TR, Yes, how can they?
Ernie. Augustine and others said it best. By keeping check on the persons we associate with, the people we allow to influence us, by avoiding needless stimulation through indecent reading, films, entertainment. And by the practice of prayer to obtain the grace of God without which is it impossible to be chaste. That includes weeding out men who are susceptible to homosexuality.
You must remember that in this lax society where the popular mores run against condemnation of homosexuality because it argues it is as natural as being left-handed rather than right-handed, a good many men wish to join the priesthood because that’s where the men are: an unworthy and wholly sinful motive.. An unworthy and sinful motive but one which has been seriously…even sacrilegiously…overlooked in most modern seminaries.
TR. What else?
Ernie. What else what? What do you mean?
TR. What else should be done to reform the Church here?
Ernie. It is far too close to government and the state to the point where they are becoming nearly one. Corruptively close. For example, government should notbe subsidizing Catholic Charities or Catholic institutions regulated by the Church in any form. For example, the public money that goes to Catholic Charities makes Charities conform to government, diminishes the opportunity for evangelization and winning souls for Christ.
I don’t care if federal money is given to secular charities and other religious groups which choose to accept it but not this Church. Give it to the Salvation Army, Protestant charities, Jewish relief—not the Catholic. Our mission is not to be the conduit of monies given to social service agencies but we should dispense private alms. Government aid has corrupted our mission. By getting it out of the subsidized public social service business you cut back on the bureaucracy that is running them, a stultifying group that deadens the mission of the Church.
Assuredly, this means that Catholic Charities will be diminished greatly—but not aid for the poor which would be dispensed by other means. It also means Catholic Charities will return to what it was originally intended on private contributory alms giving to those who are in need. The Church should reject government aid for its universities—a most corruptive thing. Attachment to government leads to another evil: the idea that social justice should be dispensed as the special job of government.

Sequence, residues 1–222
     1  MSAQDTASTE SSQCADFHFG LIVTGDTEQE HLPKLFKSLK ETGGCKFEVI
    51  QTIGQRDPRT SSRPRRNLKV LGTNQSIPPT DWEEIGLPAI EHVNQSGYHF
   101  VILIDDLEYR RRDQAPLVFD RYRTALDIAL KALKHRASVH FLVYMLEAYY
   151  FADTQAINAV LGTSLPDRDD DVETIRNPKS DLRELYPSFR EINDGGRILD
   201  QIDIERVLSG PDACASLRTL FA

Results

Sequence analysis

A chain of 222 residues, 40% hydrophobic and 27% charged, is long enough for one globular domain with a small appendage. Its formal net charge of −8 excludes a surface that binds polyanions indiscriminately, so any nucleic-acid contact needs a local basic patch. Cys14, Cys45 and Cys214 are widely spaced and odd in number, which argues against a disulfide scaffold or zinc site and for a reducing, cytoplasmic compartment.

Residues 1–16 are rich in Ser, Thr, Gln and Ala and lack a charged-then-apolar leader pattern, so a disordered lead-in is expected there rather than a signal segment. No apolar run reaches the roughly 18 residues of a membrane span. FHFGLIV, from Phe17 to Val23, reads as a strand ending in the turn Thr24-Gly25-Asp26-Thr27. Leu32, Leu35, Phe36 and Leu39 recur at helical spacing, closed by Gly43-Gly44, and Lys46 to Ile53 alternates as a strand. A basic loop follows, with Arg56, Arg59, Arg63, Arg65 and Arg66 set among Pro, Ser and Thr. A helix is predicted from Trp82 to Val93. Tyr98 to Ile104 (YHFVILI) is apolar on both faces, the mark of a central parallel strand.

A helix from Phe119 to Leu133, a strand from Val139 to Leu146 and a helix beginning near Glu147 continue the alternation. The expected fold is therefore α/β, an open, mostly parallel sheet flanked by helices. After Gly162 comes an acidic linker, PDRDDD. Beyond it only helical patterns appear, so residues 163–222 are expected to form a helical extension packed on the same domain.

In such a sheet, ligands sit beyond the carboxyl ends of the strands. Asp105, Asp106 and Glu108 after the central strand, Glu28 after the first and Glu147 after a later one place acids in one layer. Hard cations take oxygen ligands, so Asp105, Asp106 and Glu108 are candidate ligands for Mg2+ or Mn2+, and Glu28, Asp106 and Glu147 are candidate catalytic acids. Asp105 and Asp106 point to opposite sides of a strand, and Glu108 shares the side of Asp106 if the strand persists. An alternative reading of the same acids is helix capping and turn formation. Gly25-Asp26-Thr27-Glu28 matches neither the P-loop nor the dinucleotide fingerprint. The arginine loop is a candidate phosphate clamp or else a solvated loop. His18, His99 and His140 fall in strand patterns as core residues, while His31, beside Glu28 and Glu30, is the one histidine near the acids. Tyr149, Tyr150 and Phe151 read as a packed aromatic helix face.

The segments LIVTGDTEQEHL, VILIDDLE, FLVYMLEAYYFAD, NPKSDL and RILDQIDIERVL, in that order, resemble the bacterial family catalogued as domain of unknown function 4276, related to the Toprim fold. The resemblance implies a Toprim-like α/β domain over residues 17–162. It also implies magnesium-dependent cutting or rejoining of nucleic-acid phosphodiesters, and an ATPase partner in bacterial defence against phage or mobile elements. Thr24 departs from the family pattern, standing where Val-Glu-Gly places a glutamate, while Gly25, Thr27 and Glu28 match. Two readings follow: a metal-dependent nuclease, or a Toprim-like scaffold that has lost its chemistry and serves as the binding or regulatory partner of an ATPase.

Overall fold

TR. In the city of Chicago, St. Peter’s in the Loop, a Franciscan church at Sunday Masses recently had a layman read a Special Intention during Mass for the passage of ObamaCare in the Congress. Your comment?
Ernie. That “Special Intention” was not a sacrilege but still highly inappropriate. It used a Church facility which is a consecrated edifice to lobby for passage of legislation that the supplicant insists would be an Absolute Good. Passage of a ban on abortion, the killing of unborn innocents, would be an absolute good and be appropriate for Special Intention. But a certain kind of health legislation is not an absolute good nor did even its proponents maintain it possessed the perfections proper to its nature. In the view of the Special Intentioner such legislation would have to be relatively good. But relatively good means subjectively good not an absolute. In this case, undue attachment to relative and subjecrtive governmental enactments leads to a greater evil.
TR. …Which is?
Ernie. Political acquiescence and allegiance which is highly corruptive. To get government largesse a bishop or university president of a Catholic institution has to play the game with the prevailing political party. That’s what you had at Notre Dame which groveled to a pro-abortion president and gave him honors—indubitably beseeching rewards from government in the future. Technically federal largesse shouldn’t interfere with a Catholic university’s spiritual mission—but it inexorably does. You want more?